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Tourism among top priorities: Krishna

By Our Special Correspondent


BANGALORE, JAN. 29. The Bangalore International Airport, work on which has just begun, and the import control relaxations announced by the Union Government dominated the discussions at Connect, the Private-Public Partnership event of Karnataka Tourism on Thursday.

The Chief Minister, S.M. Krishna, who came from Devanahalli, the location of the airport, said tourism was among the top priorities of the Government, apart from primary education and healthcare. "I saw how hotels in Goa were full during a brief visit (on the way to the Coastal Investors' Meet), and Hampi and other places of tourist interest are not too far from Goa,'' he added.

Air connectivity to tourist centres was important, and talks were held recently with Air Deccan to facilitate the use of airstrips, including those privately owned, in Hubli-Dharwad, Belgaum, Jindal-Vijayanagar, Toranagallu, Harihar, and Mysore, Mr. Krishna said. Since Infosys was setting up a large training facility in Mysore, it needed flights. "The Government has appointed a senior officer as Heritage Commissioner to plan facilities at places of historical interest such as Mysore, Srirangapatna, Badami, Bijapur, and Patadakal. We aim to have Karnataka at the frontline of global tourism and make it a model even for Rajasthan and Kerala,'' he said.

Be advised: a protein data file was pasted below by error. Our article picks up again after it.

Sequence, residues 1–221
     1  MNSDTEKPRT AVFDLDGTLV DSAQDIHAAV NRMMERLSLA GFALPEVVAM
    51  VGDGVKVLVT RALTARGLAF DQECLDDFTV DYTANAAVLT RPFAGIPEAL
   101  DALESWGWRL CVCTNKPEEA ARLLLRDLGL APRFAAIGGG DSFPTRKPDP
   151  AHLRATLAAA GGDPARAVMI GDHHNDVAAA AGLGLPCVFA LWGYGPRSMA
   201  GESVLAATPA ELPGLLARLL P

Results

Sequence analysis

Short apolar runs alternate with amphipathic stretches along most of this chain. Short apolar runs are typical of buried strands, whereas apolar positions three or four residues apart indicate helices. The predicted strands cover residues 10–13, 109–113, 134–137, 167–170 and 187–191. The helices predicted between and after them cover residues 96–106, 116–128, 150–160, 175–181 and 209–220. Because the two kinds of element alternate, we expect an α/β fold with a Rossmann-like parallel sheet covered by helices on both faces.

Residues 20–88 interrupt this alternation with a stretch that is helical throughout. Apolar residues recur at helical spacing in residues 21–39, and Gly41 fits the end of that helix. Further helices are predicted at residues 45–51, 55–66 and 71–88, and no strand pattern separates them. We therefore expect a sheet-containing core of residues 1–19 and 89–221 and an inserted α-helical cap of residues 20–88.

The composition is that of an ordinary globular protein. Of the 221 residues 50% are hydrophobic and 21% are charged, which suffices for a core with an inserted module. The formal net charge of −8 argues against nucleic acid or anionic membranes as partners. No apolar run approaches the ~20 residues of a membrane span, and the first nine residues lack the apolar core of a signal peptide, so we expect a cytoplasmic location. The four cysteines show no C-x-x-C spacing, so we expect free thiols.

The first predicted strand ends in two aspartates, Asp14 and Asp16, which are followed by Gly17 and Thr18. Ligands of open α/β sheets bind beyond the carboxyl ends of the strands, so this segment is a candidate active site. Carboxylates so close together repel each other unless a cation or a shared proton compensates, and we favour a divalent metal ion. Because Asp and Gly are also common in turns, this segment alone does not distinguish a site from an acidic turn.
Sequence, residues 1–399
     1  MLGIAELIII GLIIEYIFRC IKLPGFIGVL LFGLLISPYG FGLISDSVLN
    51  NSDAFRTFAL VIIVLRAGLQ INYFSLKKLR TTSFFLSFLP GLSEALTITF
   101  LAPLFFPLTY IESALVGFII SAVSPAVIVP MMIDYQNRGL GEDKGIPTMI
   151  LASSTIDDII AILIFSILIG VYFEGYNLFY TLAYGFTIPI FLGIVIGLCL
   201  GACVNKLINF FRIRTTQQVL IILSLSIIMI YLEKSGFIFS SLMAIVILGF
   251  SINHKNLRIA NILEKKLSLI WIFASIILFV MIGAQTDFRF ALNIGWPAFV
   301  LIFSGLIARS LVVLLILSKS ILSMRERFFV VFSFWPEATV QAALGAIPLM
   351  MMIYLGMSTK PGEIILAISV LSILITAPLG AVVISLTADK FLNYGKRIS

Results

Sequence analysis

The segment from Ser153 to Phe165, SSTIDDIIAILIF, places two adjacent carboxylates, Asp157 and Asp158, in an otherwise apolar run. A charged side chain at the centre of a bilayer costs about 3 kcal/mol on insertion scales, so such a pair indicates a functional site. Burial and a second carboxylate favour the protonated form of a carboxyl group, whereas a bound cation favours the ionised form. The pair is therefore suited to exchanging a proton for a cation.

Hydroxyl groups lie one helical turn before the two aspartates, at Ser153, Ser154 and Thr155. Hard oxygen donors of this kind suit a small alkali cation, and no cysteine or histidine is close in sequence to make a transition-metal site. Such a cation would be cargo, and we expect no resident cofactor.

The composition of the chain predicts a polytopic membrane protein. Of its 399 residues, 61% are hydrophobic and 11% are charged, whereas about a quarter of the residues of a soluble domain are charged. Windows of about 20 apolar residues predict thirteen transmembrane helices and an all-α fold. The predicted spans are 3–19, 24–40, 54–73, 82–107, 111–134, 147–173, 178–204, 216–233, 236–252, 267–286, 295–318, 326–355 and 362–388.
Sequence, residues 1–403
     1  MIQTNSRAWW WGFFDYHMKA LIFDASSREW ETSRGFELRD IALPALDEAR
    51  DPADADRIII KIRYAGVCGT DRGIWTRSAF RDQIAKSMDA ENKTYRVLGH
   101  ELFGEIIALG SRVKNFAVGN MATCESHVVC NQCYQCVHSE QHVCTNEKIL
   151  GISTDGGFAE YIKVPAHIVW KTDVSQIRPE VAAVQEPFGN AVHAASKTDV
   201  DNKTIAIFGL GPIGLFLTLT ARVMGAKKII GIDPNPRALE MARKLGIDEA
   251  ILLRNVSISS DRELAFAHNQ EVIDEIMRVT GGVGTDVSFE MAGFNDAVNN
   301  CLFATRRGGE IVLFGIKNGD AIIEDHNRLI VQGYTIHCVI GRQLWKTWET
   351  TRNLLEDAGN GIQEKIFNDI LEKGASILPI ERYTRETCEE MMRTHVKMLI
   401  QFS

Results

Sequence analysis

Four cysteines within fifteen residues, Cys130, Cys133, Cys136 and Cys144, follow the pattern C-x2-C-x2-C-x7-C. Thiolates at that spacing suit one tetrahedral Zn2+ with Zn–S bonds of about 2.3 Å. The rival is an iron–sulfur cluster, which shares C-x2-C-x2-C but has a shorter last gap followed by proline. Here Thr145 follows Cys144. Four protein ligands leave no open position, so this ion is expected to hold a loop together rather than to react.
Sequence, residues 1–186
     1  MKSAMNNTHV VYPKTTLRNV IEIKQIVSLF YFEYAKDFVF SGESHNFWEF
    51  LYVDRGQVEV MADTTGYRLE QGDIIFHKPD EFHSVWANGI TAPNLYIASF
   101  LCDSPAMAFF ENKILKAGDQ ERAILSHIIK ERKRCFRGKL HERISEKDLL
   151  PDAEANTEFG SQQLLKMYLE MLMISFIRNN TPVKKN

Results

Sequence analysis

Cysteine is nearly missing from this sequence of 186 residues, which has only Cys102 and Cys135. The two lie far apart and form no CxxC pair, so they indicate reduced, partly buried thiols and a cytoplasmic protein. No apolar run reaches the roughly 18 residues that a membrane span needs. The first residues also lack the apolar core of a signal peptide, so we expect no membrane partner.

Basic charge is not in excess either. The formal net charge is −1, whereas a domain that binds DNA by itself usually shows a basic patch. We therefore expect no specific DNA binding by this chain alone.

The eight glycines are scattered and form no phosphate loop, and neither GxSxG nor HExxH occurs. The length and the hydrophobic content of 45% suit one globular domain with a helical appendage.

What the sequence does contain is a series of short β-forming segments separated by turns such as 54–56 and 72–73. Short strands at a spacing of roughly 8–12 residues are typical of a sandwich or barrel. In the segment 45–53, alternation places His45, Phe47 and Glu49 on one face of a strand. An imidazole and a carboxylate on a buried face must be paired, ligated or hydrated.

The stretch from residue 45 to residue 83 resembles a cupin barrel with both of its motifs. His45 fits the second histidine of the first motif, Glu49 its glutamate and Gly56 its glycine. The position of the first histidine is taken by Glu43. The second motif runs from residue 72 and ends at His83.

The Union Secretary for Tourism, Rathi Vinay Jha, said she had a "wish list" for Karnataka which included restoration of all 1,360 recently listed monuments with private partnership, a cultural centre in Bangalore to provide entertainment to tourists after their days of sight-seeing, and an international convention centre.

"China is now permitting its people to visit India as tourists, and we are promoting Buddhist monuments and pilgrimage centres. Even one per cent of 370 million Buddhists in the world coming to India can make a big difference. Right now, 22 delegates from Buddhist countries are being taken around to monuments of their faith,'' Ms. Jha said. While the tourism industry felt the number of foreign tourists visiting India had remained stagnant at 2.5 million over the past five years, the number of domestic tourists had touched 300 million, and they too were a big business opportunity, she added.

The Chairman of the Karnataka State Tourism Development Corporation, Abdul Sattar Sait, wanted ideas such as a film city and an amusement park on the Disneyland model for Bangalore, discussed by the tourism industry. Pre- and post-convention tour packages could be promoted.

Mr. Sait said the Palace-on-Wheels from Goa to Mysore would be on the rails in about six months. The reduction in luxury tax on hotels and permission to smaller hotels to import liquor were welcome developments.

A "tourism gazetteer" listing all places of interest with their history and a database of 20,000 artistes were among initiatives taken up with partial funding from Delhi, he said.

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